MIM 420

MIM 420 is a hardenable, martensitic stainless steel widely used in the MIM industry for applications where high hardness and wear resistance are required along with some corrosion resistance. These characteristics mean that the alloy is often used in the automotive sector and for the production of parts for firearms and power tool components as well as surgical instruments. Its popularity has been achieved in spite of the difficulties faced in controlling sintering in a relatively narrow process window.

Chemical specification

The chemical composition of MIM 420 after sintering is as follows. (Measured in % of weight).

C % Cr % Ni % M0 % Nb % Mn % Si % Fe %
0.35 – 0.5 12 – 14 ≤0.60 ≤0.60 1-2 ≤ 1 ≤ 1 Balance

Typical properties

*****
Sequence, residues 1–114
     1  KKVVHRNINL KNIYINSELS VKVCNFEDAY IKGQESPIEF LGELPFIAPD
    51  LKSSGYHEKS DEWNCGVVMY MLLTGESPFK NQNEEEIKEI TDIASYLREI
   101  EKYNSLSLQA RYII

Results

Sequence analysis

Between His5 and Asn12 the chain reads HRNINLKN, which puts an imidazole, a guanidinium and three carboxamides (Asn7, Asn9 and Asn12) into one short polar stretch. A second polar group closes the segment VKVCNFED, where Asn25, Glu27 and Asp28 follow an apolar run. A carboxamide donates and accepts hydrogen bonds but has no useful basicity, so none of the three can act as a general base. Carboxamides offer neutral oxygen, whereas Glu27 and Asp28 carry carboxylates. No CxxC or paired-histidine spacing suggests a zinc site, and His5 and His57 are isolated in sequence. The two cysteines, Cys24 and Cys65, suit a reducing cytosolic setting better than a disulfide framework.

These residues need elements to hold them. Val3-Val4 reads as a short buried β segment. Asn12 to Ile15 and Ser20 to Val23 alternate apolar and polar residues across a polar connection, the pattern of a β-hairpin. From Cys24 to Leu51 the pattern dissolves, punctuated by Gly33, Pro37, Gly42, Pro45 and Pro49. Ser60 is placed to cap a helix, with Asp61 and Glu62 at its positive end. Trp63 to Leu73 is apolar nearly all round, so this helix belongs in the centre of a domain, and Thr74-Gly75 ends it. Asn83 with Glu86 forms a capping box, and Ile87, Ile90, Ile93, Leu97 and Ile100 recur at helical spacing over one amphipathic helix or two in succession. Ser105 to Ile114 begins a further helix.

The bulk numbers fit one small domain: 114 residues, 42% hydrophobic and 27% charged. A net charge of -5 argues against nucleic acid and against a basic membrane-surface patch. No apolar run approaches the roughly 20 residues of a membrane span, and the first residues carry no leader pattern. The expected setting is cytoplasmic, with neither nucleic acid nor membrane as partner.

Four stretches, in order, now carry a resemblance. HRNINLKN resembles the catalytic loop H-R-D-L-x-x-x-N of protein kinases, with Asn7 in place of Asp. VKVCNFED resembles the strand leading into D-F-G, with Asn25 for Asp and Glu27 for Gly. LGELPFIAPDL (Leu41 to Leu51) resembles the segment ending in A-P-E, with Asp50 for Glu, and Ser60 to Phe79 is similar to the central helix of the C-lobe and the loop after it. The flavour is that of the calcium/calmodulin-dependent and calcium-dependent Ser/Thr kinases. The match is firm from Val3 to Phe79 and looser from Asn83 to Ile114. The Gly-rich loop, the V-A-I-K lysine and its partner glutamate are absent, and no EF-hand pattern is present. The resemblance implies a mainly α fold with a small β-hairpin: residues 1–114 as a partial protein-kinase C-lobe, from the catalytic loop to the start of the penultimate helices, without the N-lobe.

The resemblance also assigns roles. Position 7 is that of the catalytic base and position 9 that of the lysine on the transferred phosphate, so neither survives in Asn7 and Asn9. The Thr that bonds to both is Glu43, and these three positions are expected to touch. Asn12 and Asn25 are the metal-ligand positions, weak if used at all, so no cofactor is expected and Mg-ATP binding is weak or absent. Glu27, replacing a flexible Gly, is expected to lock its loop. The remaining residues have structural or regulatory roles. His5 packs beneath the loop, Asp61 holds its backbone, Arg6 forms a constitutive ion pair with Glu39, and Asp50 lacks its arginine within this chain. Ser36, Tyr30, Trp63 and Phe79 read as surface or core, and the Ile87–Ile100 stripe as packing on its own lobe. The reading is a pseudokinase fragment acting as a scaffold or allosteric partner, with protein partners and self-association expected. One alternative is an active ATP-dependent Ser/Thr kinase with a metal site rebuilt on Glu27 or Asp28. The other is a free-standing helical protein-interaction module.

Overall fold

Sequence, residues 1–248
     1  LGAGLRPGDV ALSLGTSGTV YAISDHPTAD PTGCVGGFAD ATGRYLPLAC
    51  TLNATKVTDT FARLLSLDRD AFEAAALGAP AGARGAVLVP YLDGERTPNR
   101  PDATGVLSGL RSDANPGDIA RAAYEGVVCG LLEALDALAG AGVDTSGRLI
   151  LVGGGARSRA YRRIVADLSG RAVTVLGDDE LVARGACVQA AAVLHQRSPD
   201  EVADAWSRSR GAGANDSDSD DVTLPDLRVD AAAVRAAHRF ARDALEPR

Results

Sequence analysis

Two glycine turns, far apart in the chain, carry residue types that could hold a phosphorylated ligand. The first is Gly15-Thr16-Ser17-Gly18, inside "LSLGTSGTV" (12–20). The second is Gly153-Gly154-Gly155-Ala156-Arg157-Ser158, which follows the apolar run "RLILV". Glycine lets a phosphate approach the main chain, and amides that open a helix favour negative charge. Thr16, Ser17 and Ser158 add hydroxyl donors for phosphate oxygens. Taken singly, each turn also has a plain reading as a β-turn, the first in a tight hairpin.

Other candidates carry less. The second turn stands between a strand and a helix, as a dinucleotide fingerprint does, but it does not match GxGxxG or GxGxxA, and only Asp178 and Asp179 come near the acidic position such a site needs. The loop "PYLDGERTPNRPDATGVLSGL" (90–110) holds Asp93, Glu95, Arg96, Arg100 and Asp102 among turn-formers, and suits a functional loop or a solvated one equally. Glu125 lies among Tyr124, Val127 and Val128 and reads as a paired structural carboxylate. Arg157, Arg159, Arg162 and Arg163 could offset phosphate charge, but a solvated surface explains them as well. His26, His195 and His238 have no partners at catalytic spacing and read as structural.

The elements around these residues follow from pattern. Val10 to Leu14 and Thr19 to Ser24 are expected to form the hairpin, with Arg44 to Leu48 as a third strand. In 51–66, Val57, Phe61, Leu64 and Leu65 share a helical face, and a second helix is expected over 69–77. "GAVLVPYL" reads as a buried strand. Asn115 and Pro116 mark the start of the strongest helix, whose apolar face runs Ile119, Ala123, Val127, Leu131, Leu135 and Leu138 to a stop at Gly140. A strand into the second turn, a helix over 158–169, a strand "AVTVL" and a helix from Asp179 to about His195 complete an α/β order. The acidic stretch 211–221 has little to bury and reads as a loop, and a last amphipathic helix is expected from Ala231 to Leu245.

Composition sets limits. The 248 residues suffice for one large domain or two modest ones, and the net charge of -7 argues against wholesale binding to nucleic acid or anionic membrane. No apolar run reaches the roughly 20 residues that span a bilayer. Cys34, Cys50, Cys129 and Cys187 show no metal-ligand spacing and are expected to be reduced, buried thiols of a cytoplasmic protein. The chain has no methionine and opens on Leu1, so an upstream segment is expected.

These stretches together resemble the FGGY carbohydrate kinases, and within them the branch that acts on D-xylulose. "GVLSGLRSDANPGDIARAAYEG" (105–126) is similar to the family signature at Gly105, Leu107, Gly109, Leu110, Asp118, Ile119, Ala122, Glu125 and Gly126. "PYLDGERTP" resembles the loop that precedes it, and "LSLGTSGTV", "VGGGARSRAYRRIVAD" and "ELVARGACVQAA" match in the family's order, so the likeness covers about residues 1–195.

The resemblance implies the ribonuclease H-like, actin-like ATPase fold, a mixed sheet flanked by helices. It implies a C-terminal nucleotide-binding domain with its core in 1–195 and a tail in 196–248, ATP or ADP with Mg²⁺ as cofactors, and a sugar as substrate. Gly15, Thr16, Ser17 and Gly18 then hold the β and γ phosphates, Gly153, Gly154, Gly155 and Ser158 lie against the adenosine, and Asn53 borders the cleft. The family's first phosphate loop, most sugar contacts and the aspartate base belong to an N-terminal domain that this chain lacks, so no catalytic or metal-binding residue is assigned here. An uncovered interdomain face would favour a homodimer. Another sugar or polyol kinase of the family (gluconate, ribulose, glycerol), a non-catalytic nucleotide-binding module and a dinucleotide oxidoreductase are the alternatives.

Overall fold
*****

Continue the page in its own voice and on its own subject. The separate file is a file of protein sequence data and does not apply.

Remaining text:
Properties can vary and can of course be adjusted to your application needs. It is however important to remember, that the properties are intercorrelated – demands on certain properties will offset values for other properties. If you e.g. have a need for higher hardness then it will influence elongation to a lower value. You have to be willing to forego other properties, if you have high demands in one area.

The challenge is to know what kind of properties are needed. Especially if it is the first times working with MIM. Many drawings are not designed with MIM in mind, but rather regular machining.

The best solution to this issue is to use our many years of design and production experience. Please consult our experts early in the process for further discussions and information regarding material selection and not least design possibilities. For some guidance however, here are the typical properties of finished sintered parts:

Sintered Heat treated
Density [% of theoretical] ≥7.55 g/cm³
Yield strength Rpo.2 [MPa] ≥600
UTS Rm [MPa] ≥750
Elongation [%] ≥ 1
Hardness [HRC] 35-40 HRC 45-55 HRC

Typical Microstructure